October 29, 2018
A hotbed of craft and creativity, Siem Reap is home to a vibrant community of artists, designers and makers both local and global. Here are a few of the town’s top spots repping Cambodian art and artisans.
Fresh from an extensive nip/tuck, this demure boutique bower near Wat Polanka channels Indochine nostalgia and modern comfort while showcasing a handpicked selection of artisan-made furniture plus Khmer art, textiles and collectibles. Opt for no less than a pool suite, which provides elegant respite with jumbo-sized beds, steam rooms and a choice of plunge pool or Jacuzzi (go for the latter for complete privacy), plus beck n' call service, but natch.
Outside your chamber, there’s a pretty Banyan-shrouded pool with yoga sala perfectly posi’d for a post-temple flop, massage and wellness at the Spa and the hotel’s centrepiece: a handsome, lofty ceilinged mezzanine restaurant/bar serving mod Khmer-Euro bites, afternoon tea and craft ‘tails. Round out the experience by booking one of the beautiful vintage cars for your temple ride – I say!
A long time Siem Reap resident, Madagascan-born, Paris-trained couturier Eric employs more than 40 weavers, embroiderers, crocheters and tailors, while all the silk used for his collections is hand-dyed at his home. Pop to his swish atelier just off Charles de Gaulle Blvd to browse the rainbow range of scarves, gowns and bags; the colourful designs are heavily influenced by Eric’s homeland, while referencing Angkor and Asia, and imbued with European finesse. Better still, book a private jaunt with Siem Reap Art Tours to snag a rare behind-the-scenes tour of the atelier hosted by charismatic Eric himself. Priceless.
A 10-min tuk-tuk drive from Eric Raisina is this labyrinthian compound set around a pretty garden that’s part artist's residence, part studio, part gallery and part shop. Venture inside to discover the wonderful world of Takeo-born, French-trained artist Lim Muy Theam, whose collections of traditional folk-inspired, artisan-made carved elephants, lacquerware and paintings are accompanied by exhibits of his artworks and Khmer musical instruments. Shopportunity awaits at the expansive onsite store. Go late afternoon for a better chance of having the place to yourself.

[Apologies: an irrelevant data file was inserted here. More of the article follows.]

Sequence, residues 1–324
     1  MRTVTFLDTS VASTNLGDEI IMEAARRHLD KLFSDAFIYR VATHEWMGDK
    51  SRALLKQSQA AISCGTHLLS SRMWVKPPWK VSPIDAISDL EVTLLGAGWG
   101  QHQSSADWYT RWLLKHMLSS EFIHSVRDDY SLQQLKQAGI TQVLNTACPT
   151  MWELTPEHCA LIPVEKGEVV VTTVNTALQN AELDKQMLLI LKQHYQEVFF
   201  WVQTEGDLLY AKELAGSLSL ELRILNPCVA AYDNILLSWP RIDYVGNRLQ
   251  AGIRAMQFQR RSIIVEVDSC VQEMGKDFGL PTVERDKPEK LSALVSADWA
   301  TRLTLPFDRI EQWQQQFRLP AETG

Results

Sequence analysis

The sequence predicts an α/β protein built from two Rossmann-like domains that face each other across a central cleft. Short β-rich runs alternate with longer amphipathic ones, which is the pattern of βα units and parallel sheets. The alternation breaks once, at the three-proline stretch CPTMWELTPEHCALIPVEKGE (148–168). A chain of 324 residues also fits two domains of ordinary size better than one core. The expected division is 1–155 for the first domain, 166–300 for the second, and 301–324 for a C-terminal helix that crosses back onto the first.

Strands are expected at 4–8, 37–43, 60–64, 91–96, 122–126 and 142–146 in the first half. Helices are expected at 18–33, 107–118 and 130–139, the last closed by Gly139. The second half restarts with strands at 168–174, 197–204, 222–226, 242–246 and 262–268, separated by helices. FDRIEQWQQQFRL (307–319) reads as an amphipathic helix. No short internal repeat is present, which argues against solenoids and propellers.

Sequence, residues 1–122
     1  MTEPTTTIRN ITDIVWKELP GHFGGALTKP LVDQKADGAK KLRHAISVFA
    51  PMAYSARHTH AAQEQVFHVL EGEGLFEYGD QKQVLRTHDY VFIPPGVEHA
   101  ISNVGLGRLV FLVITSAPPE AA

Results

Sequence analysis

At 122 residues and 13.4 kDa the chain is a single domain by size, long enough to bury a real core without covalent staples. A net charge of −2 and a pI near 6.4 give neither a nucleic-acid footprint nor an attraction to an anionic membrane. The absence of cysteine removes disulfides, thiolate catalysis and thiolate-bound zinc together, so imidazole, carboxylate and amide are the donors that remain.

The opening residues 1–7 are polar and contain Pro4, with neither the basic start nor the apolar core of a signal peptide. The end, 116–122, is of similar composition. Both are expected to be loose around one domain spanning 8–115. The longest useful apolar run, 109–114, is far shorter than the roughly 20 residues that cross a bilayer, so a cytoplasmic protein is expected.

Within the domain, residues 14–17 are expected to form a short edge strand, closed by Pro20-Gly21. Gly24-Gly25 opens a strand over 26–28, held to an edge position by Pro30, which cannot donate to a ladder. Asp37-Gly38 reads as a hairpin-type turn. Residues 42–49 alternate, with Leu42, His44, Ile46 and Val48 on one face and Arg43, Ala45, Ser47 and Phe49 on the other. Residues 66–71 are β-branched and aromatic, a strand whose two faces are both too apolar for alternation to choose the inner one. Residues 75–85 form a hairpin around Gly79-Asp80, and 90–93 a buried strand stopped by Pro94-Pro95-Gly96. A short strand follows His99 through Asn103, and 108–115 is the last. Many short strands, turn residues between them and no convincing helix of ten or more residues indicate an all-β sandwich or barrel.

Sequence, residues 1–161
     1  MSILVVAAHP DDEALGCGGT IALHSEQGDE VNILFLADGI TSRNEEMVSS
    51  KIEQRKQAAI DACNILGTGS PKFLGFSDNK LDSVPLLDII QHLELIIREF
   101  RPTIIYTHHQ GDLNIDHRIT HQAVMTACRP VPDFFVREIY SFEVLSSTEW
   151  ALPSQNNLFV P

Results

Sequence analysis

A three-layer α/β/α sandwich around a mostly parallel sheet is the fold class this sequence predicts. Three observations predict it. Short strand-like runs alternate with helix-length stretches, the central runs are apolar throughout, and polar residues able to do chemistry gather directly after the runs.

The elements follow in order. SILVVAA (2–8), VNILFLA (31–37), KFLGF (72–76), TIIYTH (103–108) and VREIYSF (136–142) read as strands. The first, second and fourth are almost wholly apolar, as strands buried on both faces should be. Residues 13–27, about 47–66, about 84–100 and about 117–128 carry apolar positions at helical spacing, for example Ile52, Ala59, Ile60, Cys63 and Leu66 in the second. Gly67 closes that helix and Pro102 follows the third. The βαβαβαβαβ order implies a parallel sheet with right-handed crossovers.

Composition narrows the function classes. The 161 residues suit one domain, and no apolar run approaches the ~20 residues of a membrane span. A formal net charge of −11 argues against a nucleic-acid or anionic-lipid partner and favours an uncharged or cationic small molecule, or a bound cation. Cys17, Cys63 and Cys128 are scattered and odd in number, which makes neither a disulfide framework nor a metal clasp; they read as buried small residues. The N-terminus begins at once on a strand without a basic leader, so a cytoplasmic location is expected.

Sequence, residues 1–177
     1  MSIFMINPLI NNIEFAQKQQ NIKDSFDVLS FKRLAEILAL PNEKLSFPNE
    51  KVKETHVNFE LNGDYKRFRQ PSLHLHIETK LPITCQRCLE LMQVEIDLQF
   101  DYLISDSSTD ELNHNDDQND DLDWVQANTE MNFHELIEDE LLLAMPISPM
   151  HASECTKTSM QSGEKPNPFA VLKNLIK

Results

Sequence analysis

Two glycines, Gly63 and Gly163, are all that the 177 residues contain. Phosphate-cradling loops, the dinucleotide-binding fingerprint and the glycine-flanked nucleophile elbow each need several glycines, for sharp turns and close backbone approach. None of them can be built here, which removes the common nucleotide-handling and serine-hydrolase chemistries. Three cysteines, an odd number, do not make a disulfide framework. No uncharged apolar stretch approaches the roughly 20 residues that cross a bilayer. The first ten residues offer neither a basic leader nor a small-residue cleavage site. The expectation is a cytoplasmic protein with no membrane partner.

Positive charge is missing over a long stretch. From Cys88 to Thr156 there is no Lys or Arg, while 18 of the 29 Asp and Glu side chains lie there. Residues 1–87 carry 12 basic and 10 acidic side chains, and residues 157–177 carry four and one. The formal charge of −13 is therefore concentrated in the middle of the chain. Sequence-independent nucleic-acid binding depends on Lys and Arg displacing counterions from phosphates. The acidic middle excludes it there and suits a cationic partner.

Luscious precious stones sourced from Cambodian provinces are transformed by Khmer-French jewellery designer Ly Pisith into nature-inspired silver bijouterie. Think: glossy aquamarines, citrine and smoky quartz moulded into delicate lotus-shaped necklaces and Angkorian-inspired ear chandeliers. Order a custom piece, or pick up pieces to go from one of the two boutiques in Old Market or Kandal Village.
For jewellery veering an edgier aesthetic, Ammo is your go-to. Founded by British designer Madeline Green in 2013, this studio-slash-social enterprise trains local Cambodian creatives in the art of making jewellery from spent brass ammunition cases (geddit?). The striking, modern collections of pendents, wrist cuffs and earrings riff on Khmer influences with names like ‘Temples’ and ‘Deities and Demons’, while custom pieces have been created for several European brands as well as Angelina Jolie and the crew of ‘First They Killed My Father’. Book one of the excellent jewellery workshops to forge your own (albeit simpler) masterpiece.
Planning a Siem Reap adventure? Don't forget to take a copy of the LUXE Cambodia guide...
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